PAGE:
How the Store Experience is Influenced by Ecommerce

omnishoppers mobile in store

Ecommerce has brought in an evident shift in consumer behavior, influencing wishes and habits in the store experience. While stores offer a more direct touchpoint with consumers, the convenience of ecommerce is still unmatched. More than ever, retailers need to focus on improving their in-store shopping experiences and leverage technology to create a seamless customer journey.

As per payment data released by Mastercard in June 2022, while ecommerce sales increased 2.2%, store sales grew 13.4%. More recently, analysts noted store sales have been growing faster than online. Now is the time to leverage the positive aspects of the ecommerce experience and bring them into the store.

From product information and navigation to personalization, here are some ways ecommerce is influencing the kinds of store experience that customers are looking for.

Rich Product Information

Ecommerce websites display a plethora of information: product descriptions, videos, pictures, ratings, reviews, etc. The same breadth of information may be difficult to provide in store, yet consumers are still looking for more. They want to see a consistent product catalog from retailers, making it easier for them to access additional details when store shopping.

When all store operations are unified under one omnichannel commerce platform, it’s easier for retailers to implement store technologies that can address this consumer desire. You can include tech like QR codes linked to product pages with information including variants, recommendations, available colors and inventory in different stores.

Increased Personalization

Though consumers appreciate personalization, it can still be vastly improved. You need to step up and make interactions focused more on the individual and less about the general audience sharing similar habits and behaviors. Personalization, when used efficiently, creates a win-win situation for retailers and customers. Personal interactions with a large customer segment deliver a lift in sales, in turn driving up loyalty and share-of-wallet among.

According to McKinsey, personalization can unlock significant near-term value, such as 10% to 20% more efficient marketing, greater cost savings and a 10% to 30% percent lift in revenue and retention.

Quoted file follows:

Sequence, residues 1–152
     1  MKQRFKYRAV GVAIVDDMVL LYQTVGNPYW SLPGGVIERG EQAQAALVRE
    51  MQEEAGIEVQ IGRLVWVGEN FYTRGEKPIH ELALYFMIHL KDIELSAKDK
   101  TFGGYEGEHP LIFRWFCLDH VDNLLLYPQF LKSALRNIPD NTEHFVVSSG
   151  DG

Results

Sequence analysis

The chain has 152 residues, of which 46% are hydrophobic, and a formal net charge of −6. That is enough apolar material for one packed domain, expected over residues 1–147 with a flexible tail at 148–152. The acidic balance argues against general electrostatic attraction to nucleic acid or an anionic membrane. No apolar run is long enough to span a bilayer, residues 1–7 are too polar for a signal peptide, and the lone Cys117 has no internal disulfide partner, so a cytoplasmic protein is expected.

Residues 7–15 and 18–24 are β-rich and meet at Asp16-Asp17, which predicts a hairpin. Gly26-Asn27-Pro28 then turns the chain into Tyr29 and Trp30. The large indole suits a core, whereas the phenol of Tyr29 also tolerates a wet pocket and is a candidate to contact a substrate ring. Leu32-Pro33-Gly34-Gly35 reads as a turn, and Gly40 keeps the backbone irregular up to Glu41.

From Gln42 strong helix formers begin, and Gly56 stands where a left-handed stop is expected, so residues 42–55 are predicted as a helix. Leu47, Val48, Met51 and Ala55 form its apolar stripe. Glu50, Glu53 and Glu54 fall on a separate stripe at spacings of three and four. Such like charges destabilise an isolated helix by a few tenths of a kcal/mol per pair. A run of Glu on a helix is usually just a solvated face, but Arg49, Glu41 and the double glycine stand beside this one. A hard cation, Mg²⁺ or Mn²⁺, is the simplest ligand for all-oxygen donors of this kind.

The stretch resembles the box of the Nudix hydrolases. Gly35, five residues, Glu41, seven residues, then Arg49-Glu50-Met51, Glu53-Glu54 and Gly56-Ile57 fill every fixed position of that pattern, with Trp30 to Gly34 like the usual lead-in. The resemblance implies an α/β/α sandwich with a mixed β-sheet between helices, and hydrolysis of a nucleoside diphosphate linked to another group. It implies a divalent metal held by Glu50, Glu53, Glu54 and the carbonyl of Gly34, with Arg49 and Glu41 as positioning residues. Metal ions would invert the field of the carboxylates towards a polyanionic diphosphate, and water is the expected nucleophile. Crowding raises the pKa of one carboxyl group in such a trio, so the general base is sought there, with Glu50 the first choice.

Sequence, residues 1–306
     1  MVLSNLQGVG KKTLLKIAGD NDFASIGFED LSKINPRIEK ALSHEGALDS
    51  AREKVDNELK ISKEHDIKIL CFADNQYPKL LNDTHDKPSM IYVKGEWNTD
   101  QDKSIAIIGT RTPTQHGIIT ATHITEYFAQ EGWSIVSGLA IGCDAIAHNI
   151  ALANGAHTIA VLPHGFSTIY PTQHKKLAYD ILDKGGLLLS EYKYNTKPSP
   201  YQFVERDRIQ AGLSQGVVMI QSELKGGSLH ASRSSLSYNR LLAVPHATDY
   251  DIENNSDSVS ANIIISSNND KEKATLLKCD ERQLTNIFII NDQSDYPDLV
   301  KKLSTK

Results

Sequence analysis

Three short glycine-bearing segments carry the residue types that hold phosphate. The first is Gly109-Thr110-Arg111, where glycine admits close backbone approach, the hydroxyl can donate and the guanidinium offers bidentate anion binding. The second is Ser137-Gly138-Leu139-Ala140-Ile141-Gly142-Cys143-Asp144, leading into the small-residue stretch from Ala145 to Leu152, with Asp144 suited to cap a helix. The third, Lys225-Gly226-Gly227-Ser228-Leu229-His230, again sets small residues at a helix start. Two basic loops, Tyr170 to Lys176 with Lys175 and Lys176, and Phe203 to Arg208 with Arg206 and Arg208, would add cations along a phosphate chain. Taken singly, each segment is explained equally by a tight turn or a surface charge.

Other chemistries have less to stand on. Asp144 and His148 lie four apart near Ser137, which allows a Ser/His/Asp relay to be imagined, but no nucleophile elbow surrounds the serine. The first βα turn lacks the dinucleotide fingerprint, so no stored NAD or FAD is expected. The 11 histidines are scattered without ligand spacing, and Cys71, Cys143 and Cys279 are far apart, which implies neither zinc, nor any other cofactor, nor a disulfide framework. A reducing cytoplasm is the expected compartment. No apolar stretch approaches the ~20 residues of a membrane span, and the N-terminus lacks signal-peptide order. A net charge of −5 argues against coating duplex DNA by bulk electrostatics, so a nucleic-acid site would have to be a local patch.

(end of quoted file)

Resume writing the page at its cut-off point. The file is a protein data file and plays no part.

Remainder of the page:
Data analytics have made it possible to provide personalized product recommendations and incentives. It is crucial to imitate these services in the store experience as well. Designing a robust incentive program, consistent with customers’ ecommerce profile based on data they’ve agreed to share, allows you to offer tailored deals, promotions and recommendations in store that sweeten the deal.

Endless Aisle

Customers expect as much product selection as possible. With an ecommerce store, it’s easier to meet those demands by displaying your entire product catalog, something that can never be accomplished in a store.

The solution to this problem is endless aisle, enabling online orders while in store. Customers can order out-of-stock items that can be shipped to the store or to their home.

Easy Inventory Insights 

Product search is far easier online than in store. Layouts get reset often and things move around a lot, making product search more difficult and time consuming. The current macroeconomic landscape and labor shortages also make it impossible to maintain a healthy associate-to-customer ratio. Technology, however, can help share precise product locations, essential for both efficient fulfillment and a smooth customer experience.

Tap the mobile experience to provide shoppers with the right information at their fingertips. Your mobile app can be used to locate items in store by leveraging location data that supports fulfillment. This can be a valuable feature for store customers, such as how much of an item is in stock. Convenient product search is key to any store experience. If shoppers enter the store knowing the exact aisle and shelf or bin and the quantity, you ease their shopping experience and save them time, in turn promoting loyalty.

Interactive Technology

Provide customers with digital media that can improve and complement the store experience. Interactive technology takes the data from the four points discussed above and brings it one step further.

For instance, take an interactive touchscreen mirror in the changing room. This technology can keep track of items brought in, as well as what fits and what doesn’t, while facilitating communication with associates and creating a dynamic experience.

This solution creates a three-way conversation between the customer, store staff and the data. In the above example, it brings a conversational element to the changing rooms, smoothing over what is usually a chaotic and time-consuming experience for customer and associate.

With growing expectations for ecommerce-influenced shopping experiences in store, retailers are under pressure to do more than just sell products. Leveraging solutions that best integrate online and offline shopping experiences is the way forward. This, coupled with customer data, is paramount in creating seamless shopping experiences.

Frank Kouretas is Chief Product Officer of Orckestra, powered by mdf commerce